The Ottawa Herald from Ottawa, Kansas on March 12, 1963 · Page 4
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The Ottawa Herald from Ottawa, Kansas · Page 4

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Ottawa, Kansas
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Tuesday, March 12, 1963
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Page 4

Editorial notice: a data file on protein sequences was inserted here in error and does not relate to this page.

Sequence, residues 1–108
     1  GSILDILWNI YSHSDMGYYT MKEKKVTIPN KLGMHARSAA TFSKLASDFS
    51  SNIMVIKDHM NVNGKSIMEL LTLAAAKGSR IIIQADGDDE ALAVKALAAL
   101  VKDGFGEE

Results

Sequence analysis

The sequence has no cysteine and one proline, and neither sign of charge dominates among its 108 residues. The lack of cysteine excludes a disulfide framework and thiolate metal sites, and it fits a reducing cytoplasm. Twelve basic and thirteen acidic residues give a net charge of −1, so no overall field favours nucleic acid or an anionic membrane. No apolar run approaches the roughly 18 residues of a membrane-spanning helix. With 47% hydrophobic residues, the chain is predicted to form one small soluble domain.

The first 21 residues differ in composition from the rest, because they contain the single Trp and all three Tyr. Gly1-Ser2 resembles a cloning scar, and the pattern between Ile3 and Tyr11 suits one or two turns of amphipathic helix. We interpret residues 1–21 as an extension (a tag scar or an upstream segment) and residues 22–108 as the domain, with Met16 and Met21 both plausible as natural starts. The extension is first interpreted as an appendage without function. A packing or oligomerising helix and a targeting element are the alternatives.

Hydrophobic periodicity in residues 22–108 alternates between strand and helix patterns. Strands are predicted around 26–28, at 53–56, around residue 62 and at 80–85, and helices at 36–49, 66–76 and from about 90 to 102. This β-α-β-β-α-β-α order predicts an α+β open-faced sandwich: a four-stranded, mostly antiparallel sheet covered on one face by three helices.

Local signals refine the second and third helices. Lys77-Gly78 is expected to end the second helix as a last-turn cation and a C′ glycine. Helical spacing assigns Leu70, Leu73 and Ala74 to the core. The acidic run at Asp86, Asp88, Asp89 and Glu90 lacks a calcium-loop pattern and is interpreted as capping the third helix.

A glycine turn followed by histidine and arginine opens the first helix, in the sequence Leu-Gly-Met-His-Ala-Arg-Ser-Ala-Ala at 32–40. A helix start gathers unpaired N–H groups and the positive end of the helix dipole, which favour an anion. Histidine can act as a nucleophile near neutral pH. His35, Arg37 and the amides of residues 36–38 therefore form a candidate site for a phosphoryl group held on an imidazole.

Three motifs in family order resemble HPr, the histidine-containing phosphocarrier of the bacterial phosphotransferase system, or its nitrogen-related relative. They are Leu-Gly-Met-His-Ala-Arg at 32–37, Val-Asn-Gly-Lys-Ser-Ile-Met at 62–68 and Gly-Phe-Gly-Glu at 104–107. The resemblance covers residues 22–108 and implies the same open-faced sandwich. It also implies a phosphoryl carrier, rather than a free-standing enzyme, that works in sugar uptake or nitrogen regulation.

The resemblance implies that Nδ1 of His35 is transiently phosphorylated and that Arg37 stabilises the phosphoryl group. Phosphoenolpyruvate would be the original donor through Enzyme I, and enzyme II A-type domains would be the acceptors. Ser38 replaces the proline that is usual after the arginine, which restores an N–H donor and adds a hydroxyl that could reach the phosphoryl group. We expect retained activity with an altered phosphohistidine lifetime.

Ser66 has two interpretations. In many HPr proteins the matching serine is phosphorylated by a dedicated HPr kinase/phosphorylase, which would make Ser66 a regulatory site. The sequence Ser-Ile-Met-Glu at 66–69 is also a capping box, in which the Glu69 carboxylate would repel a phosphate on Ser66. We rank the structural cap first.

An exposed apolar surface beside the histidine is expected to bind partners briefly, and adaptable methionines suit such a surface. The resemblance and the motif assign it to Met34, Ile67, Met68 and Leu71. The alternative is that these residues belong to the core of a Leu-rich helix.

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TTAWA HERALD Pa«t Ponr Editorials Tuesday, March 12, 1963 Industry Support Needed The director of Uncle Sam's big space • program, James Webb, spent several days in Kansas last week. He visited KU, K-State, stopped in Topeka and then went on to Wichita. His visit here was prompted by members .of the state's delegation in Washington who have become concerned that the state is lagging in defense contracts. While he promised nothing, Webb did • offer some sound advice. He said in- : dustry must provide more funds for "research at our various universities. Our state schools and our industries must have a closer bond. It is necessary that -college experts be used more as consultants. Industry must be asked to contribute to educational research projects, :to promote university programs, to support scholars and to endow professorships. To Your Good Health This sounds like a big order. It is. But this is what has been done on the East and West coasts which now have the lion's share of space agency work. For decades Kansas has had an agrarian economy. With such it has prospered. One of the reasons it has is that our farmers have leaned heavily on the experts at Manhattan where one of the world's best agricultural colleges is located. Times, though, have changed the state. We are becoming more industry- minded. We must expand into new fields if we are to supply the jobs needed for population of the state. One of the surest ways to accomplish this expansion is to support the research work of our universities. What Keeps You Awake? Dr. Molner By DR. JOSEPH G. MOLNER This is the second of three articles on insomnia.—The Editor The cure of sleeplessness, or insomnia, is really a question of finding out what is keeping you awake, and then doing something about it. Roughtly speaking, we spend about one-third of our lives sleeping. Eight hours a night is about right for most people. Yes, I've heard all about Thomas A. Edison's boast that he "never slept more than four hours," but I also recall the wry comment of his close friend, Henry Ford, who added that Edison caught his few hours of sleep "about three times every 24 hours." People vary a little, but basically they are about the same. We all need sleep. If we don't sleep at night, we make up for it with naps during the day, or we spend much of our time being only half awake, or, in rare cases, we really lack sufficient sleep and pay for it in soon-ruined health. One way or another, most of us do get enough sleep because Nature demands it But it is a lot Auld Lang Syne 25 TEARS AGO Herington High School defeated Ottawa High School, 27 to 19, in the regional basketball tournament at Osage City. Nearly 100 relatives and friends gathered to help "Uncle George" Batdorf of WellsviUe celebrate his 100th birthday. The Plaza Theater advertised that "Snow White" would open at the theater on April 1. 60 YEARS AGO A chicken theif was active in the west residential areas of Ottawa. Fred Bogue's chicken- house at 7th and Beech was pretty well cleaned out one night. The Ottawa Custom Tailoring Co., a shirt factory, opened for business on the second floor of the Bostoi. Store building, with a capacity for manufacturing 160 garments a day. A. P. Elder was re-elected president of the Kansas State Association of Master Plumbers, without a doctor's help — if you are objective. What about self-induced causes of sleeplessness? Television Log Channel 4, NBC Channel* 5-18, CBS Channel 9, ABC Tuesday more comfortable and efficient if we can go to bed at night and get our eight hours, and arise ready for 16 hours of vital living. Insomnia is rarely an isolated condition. Care ful probing by doctors in such cases almost always reveal other factors in a person's emotional make-up, or habits, or physical condition which 'are importantly related to the difficulty in getting a regular solid night's sleep. You can identify many of these for yourself Do you use stimulants? Tea? Coffee? "Reducing" drugs? "Pep" pills Do you smoke too much Are you taking thyroid medication? If the dose is a little on the high side (for you) it can keep you awake. What about phsyical factors? What are the noticeable elements when you thrash around and try to go to sleep, or when you wake up? Aches, cramps, itching, digestive disturbances, a cough, need for night urination? These problems are all fairly common sleep- preventers. They are, most of the time, corrective. If you have one or more of these complaints, have it (or them) treated. It isn't fair for you to neglect these and still demand that your doctor stop your insomnia. Check your bedroom environment. Is it too warm? To cool? To dry? Sagging springs or an otherwise uncomfortable bed can disrupt sleep. The answer is to repair the bed, not seek a pill. A pillow may be too high or too low. Does a light shine into your eyes? Is there noise you can mute? Or is the room too quiet? Even having an alarm clock that ticks may help some people. Splashing waves at lake or seashore is a restful sound. For mild aches or discomfort, aspirin at bedtime is often effective, but remember this: Some compounds contain caffein which may be fine for daytime use but can inhibit sleep at night. So read the label. It will tell what's in the tablets. Some more tricks on getting to sleep tomorrow. Prayer For Today Christ has redeemed us from the curse of the Law's condemnation, by himself becoming u curse for us when he wos crucified. (Galatians 3:13. Phillips.) PRAYER: 0 God, our Father, who hast created us so that we are restless until we find our rest in Thee, we thank Thee for Jesus Christ, Thy Son. Help us to find in Him our redemption from sin and our peace with Thee. Help us to become better than we now are. In His name we pray. Amen. 4—8e» Runt •-Yogi Bear 13—Bug* Bunny •:» 5—Whirl* Birds 1:30 4—Dragnet •-Rebel 13—Dr. Icbabod »:48 5—New* 13—Sport* •:55 13—Weather «:00 5-9—Newi «:10 S-B-Weather 6:15 5—Sport* •—New* • :28 6—apeak Dp 6:30 4—Laramle 6—stump the Star* •—Combat 13—Marshal) Dillon 7:00 6-13—Lloyd Bridge* 1:30 4—Emplr* 5-13—Bed Bkeltoa 8—Hawaiian Eye 8.30 - 4—Dick Powell 5-13—Jack Bennjr •— Untouchables <*:00 5-13—Garry Moor* 11:30 4—Ensign O'Toole 9—Detectives 10:00 4-6-SM3—New* 10:10 5-»-WeatheT 10:15 4—Johnny Carson 5—Movie, "San Francisco" «—St.evp Allen 13—Weather 10:20 13—Sports 10:30 13—Lifeline 10:35 13—Hawaiian By* 11:35 13—Peter Gun 11:45 •—Man From Cochitt 11:00 4—New* 1S:05 4—Unity Dally Word U:10 5—Movie, "Free and Easy" 12:15 0—News 12:30 9—Almanac Newireel 1*:35 0—Faith (or Out Time* Wednesday 8:B 4— Dally Word METALUC EMBRACE - Alva Cdauro appears M Sally O'Malley, campus disc jockey, in whacky story abort "After*," a mwkaUy gifted robot, on Dobie Gillis, 7:30 p.m. Wednesday, ..-li-ia/,^- fluid, | gj*] 1). * r ' ^ 4 — Continental Classroom 13 — Continental Classroom 6:26 5— Profile 6:80 4— Operation Alphabet 13— College of ttM Air «:M 5— Farm Pact* 1:00 4— Today 5-College el the Air 13— Rush Hour. 1:30 5— Moment ot •fediutleej T:3» 5— Cartoonland 7:45 5— King and Odi* 7:50 B— Call to Worship 7:55 •—New* 8:00 5-13— Captain Kangaroo •—Columbia Lecture* 8:30 t — Deputy and Fells • :oo 4— Say When •i — lack La Lanne •—Romper Room 13— Calendar •:25 4— New* 9:30 4— Play Your Rune* 5-13 — I Love Lucy 8— Divorce Court 10:00 4— Price 1* RUM 5-13— McCoy* to:30 4 — Concentration 5-13— Pete and Olady* 8— Day In Court 10:558— New* moo 4— Tour First ImpresslOB 5-13— Love of Life •—Jan* Wymao 11:85 6-13— New* 11:30 4— Truth or Consequences 5-13— Search for Tomorrow 8— Tours For A 8oo> 11:45 5-13— Ouldlni Light 11:53 4— New* 12:00 4— Cartoon* 6— News 8— Ernie Ford 13— News 11:10 5— flpeak Up 1»:15 B— Sports 13— Farm Report 1*:ZO 4— New*. Market* 5— Local Interview 12:30 4— Accent 6-13— As the World Tuna 8— Father Know* Best 1:00 4— Merv Griffin 5-13— Password •—Movie, "Star Dust" 1:30 5-13— Bouse Party 1:55 4— New* *:oo 4— Loretta Young 5-13— To Tell The Truth S:!!5 5-13— New* 8— News 2:30 4— Award Theater 6-13— Millionaire a— Seven Key* SIM 4— Match Gam* 5-13— Secret Storm 8— Queen for A Da* *:25 4— New* 3:30 4— Make Room For Daddy 5-13— Edge of Night 9— Who dri vou TrustT 4:00 4— Superman 5— Cousin Ken'* Carnival 8 — Torey and Friend* 13— News Weather 1:15 13— Turban'* Land of Magi* 4:SO B-Mlckey Mouse Club 4 — Funtlme 5:00 6 — Sea Hunt 8— Torey and Friends 13— Quick Draw UcOraw •:15 8— Whlrly Bird* l:3U 4— Dragnet Ottawa Herald *fTf<* 1962 FIRST IN KANSAS •tfStt* loo-ioi •. Man Publlibed dally eaeepi muday an Holiday*. Second claa* poatage at O tawa, Kama*. Robert B. ffelungtca Editor AM Publliher Bubicriptlnn ralei to trad* area—B> mail, one month 11.00, three month*, 13.00, ilit months, 15.00, on* year i.OO. duuauriplino raitc uuUide trade «ren —By mall, one month, tl.M; three monthe $4.24; *la month*. |A,M; on* year. 114.00. UBUBBB 01 HOD AaaOCLATBD •—Rebel 13—Scope-Kanta* Onlverilty 1:4* ft—New* l»-«poru Witt D«T «*l«o« liW 13—Weather •tw 4— New* (—New* •—Mew* 11-Newe 4—Sport* 64-Weather U6 4—New* with Buntley-Brtnklef •-Sport* •—New* 13—New* I:S5 6-flpeak-Op UM 4—Virginian* 8-13—CBS Report* •—Wagon Train l:»0 6-13—Dobie OllllB •—Going My Way 4—Bob Hope 6-13—Beverly Rillbllltei UK ft—Dick Van Dyke •—Our Man Hlggina 13—Donna Reed •:00 4—Telephone Hour 5-13—Circle Theater •—Hollywood 0:«0 4-5-B-13—New* 0:10 54--Weather 0:16 4—Johnny Carson 5—Movie, "Destry Rides Again" 8—Steve Allen 13-Weather 0:20 13—Tex winter 0:10 13— Lifeline •1:38 13—Stoney Burke 1:35 13—Peter Ounn 1:45 •—Han Prom Cochlse 2:00 4—New* 11:05 4—Unity Dally Word 5—Movie, "Sky Commando'* 2:15 9—New* 2:30 9—Almanac Newsreel 2:35 •—Faltb for Our Time* This And That by iph Fleas In The Bungalow JPH Tonight's TV Highlights The "Stump the Stars, program, which is a revival of the Hike Stokey Pantomime Quiz sho of some time back, is attracting considerable favorable attention. Special guests this evening will be Lizabeth Scott and Geroge Hamilton. Channel 5, 6:30. Red Skelton will have Marilyn Maxwell and Jackie Coogan as guests this evening. Channels 5 and 13 at 7:30. Keely Smith will appear as a guest on the Garry Moore show, on Channels 5 and 13 at 9. Among the late movies will be the fine old film, "San Francisco," the 1936 movie starring Clark Gable, Jeanette MacDonald, NASIK, India - My acquaintance with the Indian Railways began on the Bombay-Nagpur Express. My destination from Bombay was Nasik. It is 114 miles to the northeast, just beyond the divide of the chain of mountains, hot too tall here, which extends the entire lengt hof western India. The elapsed time was three hours and 50 minutes. We made it right on schedule. On the return trip, though, we were an hour late. The Indian Railways are made distinctive by a certain smell. You catch it strongly the instant you enter a station. It follows you into the trains. You do not lose the last whiff of it until you are half a block away from where you get off. The odor is that of urine. Either that, or some strong disinfectant with precisely the same scent. The cars, on departure, look clean and thoroughly scrubbed. To the fastidious westerner they feel, uh, soiled. The trains here provide the best way to see this great country which is considerably larger than ours. They permit the landscape to unroll leisurely because they infrequently reach the speed of 50 miles an hour. They stop often to permit passengers to stretch their legs and provide themselves with cups of tea. bottled soft drinks, selections of fresh fruit, sickly-sweet sweets, and small sacks of varfious, highly seasoned Indian foods, most of which rest unhappily in the American stomach. They are bustling, noisy scenes, these station stops. Barefooted porters, in khaki shorts and bright red blouses to identify themselves, shout tor passage through the throng as they stagger along with heavy suitcases balanced on their heads. The refreshments salesmen cry their wares at the top of their voices. Each outgoing passenger has at least half a dozen family members or friends along to wish him a noisy farewell. A bell clangs and the locomotive gives a shrill whistle as a reminder it is time to be on the way again. In motion the principal thing the Indian trams have to offer, after one has tired of looking at the scenery, which, on the way to Nasik, is made up of sere, forlorn hillsides largely, is conviviality and an atmosphere of family intimacy. The arrangements of the cars and the lengths of the trips, some of which last two days or more, make nothing else possible. Whether the invitation of the Indian Railways is "come as you are" or not, this is the sartorial spirit Most of the passengers, moreover, bring enough along with them to see them through an expedition to Outer Mongolia. Heavy suitcases. Earthen containers wor water. Big boxes that might be filled with carpenters' tools. Tea urns. Bedding rolls. Containers filled with assorted fruit. All of this baggage leaves so little room for passengers, who usually number the rated capacity of one of the small cars and more, that they are forced to sit more or less on one anothers' laps, or on the floor surrounded by a welter of brown legs. Reserve is impossible in such circumstances. The folksiness is emphasized by the fact one removes his shoes, belches, yawns, scratches, or fit full length on the floor, as the spirit moves. So everyone begins talking to those with whom ht has been thrown into such intimate circumstances. Since they all talk at once, and since they must talk above the noise of the train, coming in through the open windows along with dusty blasts of hot air, (it may be only early March but the tempera- ature is close to 100), the result is quite and uproar. But the Indians, they seem to love it. What I have been describing, of course, applies especially to the third class cars in which most of the Indians, from economic necessity, art forced to travel. The accommodations offered are nothing but wooden benches. Those who find the benches already crowded sit on the floor. The late-late comers stand in the entryways. In second class the benches are lightly upholstered and there is somewhat less confusion and more breathing space. First class, relatively, is de luxe. The cars are divided into compartments with facing seats, each long enough for three passengers and elbow room. Above each seat is a sort of a shelf that serves on night journeys as an upper berth. I, a soft American, traveled first class on the Bombay-Nagpur Express. I had three compartment companions. One was a man with a bushy mustache who immediately climbed to one of the upper shelves and slept until it was time for him to get off. The second was a studious youth who immersed himself in a book except, at intervals, to close the window I had opened shortly before. The third was a short, stout, elderly woman in a summer-weight sari which showed legs that best would have been kept a family secret. First she removed her sandals, lay down, pulled over her a blanket she had taken from her reticule, and took a nap. Later she awakened, crossed her legs under her on the seat and stared fixedly at the opposite wall. She didn't look so much like a Buddha as a fat, little female owl. On Indian Railways conviviality stops at At door to the first class coach. Spencer Tracy and Channel 5, 10:15. Jack Holt, Richmond ABC Names Officers New officers for the ABC Club are Jim Kueser, president; Alvin Hornberger, vice president; Audrey Wolfe, secretary; Don Poss, treasurer. L. L. Chandler was named a new director. To Visit Church WELLSVILLE — Henry Chilton chairman of the evangelism committee, announced the following special services to be held at the Wellsville Baptist Church: Sunday night, March 17, the Calvary Bible College concert choir will sing a sacred concert at the 7 o'clock service. The choir is composed of 50 voices. The public is invited. March 31 through April 7, Evangelist Richard Green, Johannesburg, South Africa, will speak nightly. NOW SHOWING Box office opens 6:45 p.m. Shown 9:15 Only EXTRA - SPECIAL ATTRACTION! Saturday & Sunday MATINEES ONLY SAT. 12:00 -2:00-4:00 SUN. 1:30 - 3:30 Ottawa RoOer Rink Public Sessions Wed. and Fri. 7:30 to 10:00 Sat nights 8:00 to 11:00 Private Parties CH 2-9704 Mon.. Tues. and Thurs. Sun. Matinee: 1:00 to 3:00 Children 12 and under CO-HIT Shown 7:05 Only I WILLIAM FAULKNER'S 1 The long, Hot Summer PAUL NEWMAN ORSON WELLES • LEE REMICK FRANCIO9 ANGELA LAN8BURY, «XM * MI. noM THE metal wotioof THE COMES A MOVIE TO DEUGHT All THE FAMILYI How to tell a Tempest from just any low-priced car Does it have Wide-Track? Does it have a lively 4? Does it offer a phenomenal V-8*? Does it look like this? The AMoolated Pre*» w entitle* •>< oiu*lveJ» to tte UM foi tuUleatiop. ol •II the local new* printed to UM **w*. paper M wfjl M «B AT MWt tfk» FOR THE VERY YOUNG...THEVERY OLD...AHDFOR EVERYONE M-KTWEEH PriiMU •wr Sat-Sun *»U...|fc«*£5 •Optional at extra coat Now there are two kinds of Wide-Track cars—Pontiac and Tempest -SEE YOUR AUTHORIZED PONTIAC DEALER FOR A WIDE CHOICE OF WIDE-TRACKS AND MOD USED CARS, TOO- MINNICK MOTORS, Inc. 201 S. Hickory Ottawa, Kansas